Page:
We’ve been doing the fan thing wrong all these years
It hasn’t been easy, of course. And looking back over the decades, the level of sub-par play from the local sports teams has, if we’re being honest, rather depressing more often than not.
Consider that, in our lifetime:
- The Indians have lost more than 4,000 games – an average of 82 per year – have only made eight playoff appearances and have yet to win a World Series.
- The Cavaliers are closing in on 2,000 losses (1,942 to be exact), have a franchise winning percentage of .454, and have lost in the first round of the NBA playoffs in 10 of their 18 appearances. The franchise’s one and only trip to the NBA Finals resulted in a four-game sweep at the hands of San Antonio.
- The Cleveland Browns moved (at least we can’t say that about the Tribe or the Cavs, although previous owners came very close), have only won six playoff games, have never even made the Super Bowl and have posted just two winning seasons in the past 20 years.
It turns out, though, that if one of the local teams actually gets its act together and puts together a championship-winning season, we will look back on these decades of futility as the best of times in Cleveland sports history. Why? Because we were not weighed down as fans by the burden of rooting for a championship team.
At least that is what Ron Borges at The Boston Herald would have people believe, who’s article about the Boston Red Sox honoring the 2004 championship team is a reminder to fans about how everything was so much better when the Red Sox, Patriots and Celtics were routinely not in contention for a championship on an annual basis. (h/t to @PatriotsSB49)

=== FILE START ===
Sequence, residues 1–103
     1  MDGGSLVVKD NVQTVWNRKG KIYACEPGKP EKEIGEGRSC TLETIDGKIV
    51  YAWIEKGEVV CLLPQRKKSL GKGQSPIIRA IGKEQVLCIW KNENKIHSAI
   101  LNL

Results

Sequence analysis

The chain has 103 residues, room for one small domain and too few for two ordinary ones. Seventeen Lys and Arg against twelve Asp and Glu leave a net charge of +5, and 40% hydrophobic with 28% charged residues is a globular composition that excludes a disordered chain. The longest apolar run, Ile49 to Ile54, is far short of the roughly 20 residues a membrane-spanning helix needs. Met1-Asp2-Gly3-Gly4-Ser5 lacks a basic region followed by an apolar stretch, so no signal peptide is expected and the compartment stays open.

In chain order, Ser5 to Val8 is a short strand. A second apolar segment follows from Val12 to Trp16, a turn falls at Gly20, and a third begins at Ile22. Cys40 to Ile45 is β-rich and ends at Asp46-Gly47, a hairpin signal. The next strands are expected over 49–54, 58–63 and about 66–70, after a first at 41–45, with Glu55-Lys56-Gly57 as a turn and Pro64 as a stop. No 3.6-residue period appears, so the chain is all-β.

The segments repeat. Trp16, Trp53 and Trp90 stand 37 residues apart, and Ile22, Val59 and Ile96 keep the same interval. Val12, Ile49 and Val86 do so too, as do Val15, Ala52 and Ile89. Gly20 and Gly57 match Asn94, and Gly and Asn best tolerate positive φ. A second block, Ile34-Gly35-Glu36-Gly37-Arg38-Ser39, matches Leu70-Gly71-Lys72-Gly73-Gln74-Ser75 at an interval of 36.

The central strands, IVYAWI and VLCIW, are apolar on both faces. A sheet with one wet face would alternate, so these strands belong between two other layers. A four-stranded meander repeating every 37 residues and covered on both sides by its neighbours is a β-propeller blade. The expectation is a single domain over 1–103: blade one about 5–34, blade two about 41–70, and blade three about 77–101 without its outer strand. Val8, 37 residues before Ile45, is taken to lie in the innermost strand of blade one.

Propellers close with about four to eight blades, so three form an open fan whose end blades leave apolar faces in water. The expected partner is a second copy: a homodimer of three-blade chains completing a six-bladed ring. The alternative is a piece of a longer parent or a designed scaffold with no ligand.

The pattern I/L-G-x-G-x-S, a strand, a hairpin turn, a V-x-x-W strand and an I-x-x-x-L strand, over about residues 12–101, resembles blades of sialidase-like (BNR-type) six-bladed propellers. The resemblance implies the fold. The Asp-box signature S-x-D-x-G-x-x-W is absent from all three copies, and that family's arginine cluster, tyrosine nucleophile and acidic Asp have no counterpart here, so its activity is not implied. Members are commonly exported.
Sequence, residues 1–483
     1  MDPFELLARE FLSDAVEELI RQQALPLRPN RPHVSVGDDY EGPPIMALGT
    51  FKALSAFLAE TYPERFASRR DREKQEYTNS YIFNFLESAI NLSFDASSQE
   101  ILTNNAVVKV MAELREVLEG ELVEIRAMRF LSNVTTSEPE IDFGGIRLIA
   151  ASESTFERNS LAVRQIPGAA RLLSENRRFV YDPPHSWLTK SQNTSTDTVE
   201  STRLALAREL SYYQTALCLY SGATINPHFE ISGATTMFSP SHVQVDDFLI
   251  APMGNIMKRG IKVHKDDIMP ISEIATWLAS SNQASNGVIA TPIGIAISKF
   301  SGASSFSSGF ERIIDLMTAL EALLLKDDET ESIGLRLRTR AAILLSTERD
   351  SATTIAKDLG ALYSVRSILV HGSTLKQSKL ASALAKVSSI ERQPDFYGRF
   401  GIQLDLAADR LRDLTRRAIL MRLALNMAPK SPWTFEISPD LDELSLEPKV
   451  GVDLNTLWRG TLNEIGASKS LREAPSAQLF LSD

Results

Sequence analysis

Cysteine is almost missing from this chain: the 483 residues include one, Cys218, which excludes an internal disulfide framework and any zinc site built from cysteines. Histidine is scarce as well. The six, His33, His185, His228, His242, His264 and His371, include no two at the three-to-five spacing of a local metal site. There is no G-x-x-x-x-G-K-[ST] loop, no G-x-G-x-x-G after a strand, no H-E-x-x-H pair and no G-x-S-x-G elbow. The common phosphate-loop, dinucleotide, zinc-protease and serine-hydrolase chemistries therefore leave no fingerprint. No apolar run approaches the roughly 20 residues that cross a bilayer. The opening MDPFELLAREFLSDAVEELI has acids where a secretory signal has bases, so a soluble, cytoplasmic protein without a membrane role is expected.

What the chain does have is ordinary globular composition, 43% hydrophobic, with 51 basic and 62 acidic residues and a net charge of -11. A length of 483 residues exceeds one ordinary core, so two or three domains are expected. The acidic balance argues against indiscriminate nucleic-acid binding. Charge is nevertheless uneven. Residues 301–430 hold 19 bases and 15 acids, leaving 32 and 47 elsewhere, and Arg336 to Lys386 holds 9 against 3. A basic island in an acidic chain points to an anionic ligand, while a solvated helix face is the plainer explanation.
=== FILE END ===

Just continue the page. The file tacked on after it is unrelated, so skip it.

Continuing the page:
Borges writes that prior to 2004:
“We were about curses and cursing. We were about oops and almost. We were about too many men on the ice, too many Bears in our face, too many Yankees in our path, too many Johnsons and Jordans. … Our teams won less, but looking back, it seemed more fun. Less obsessive, more accepting. Second place wasn’t a disaster or a personal affront to your loyalty. … There were complaints, sure, but there also was a sense of stoic Puritanism about rooting for teams that always came up short that has dissolved into a whining din about the latest catastrophe.”
While there is a certain charm, we suppose, about being able to utter phrases like Red Right 88, The Drive, The Shot or Jose Mesa to a fellow Cleveland and know they understand perfectly what you mean without further explanation. Collectively, that is all part of what makes Cleveland fans some of the best in the business.
We’re not so sure about that one.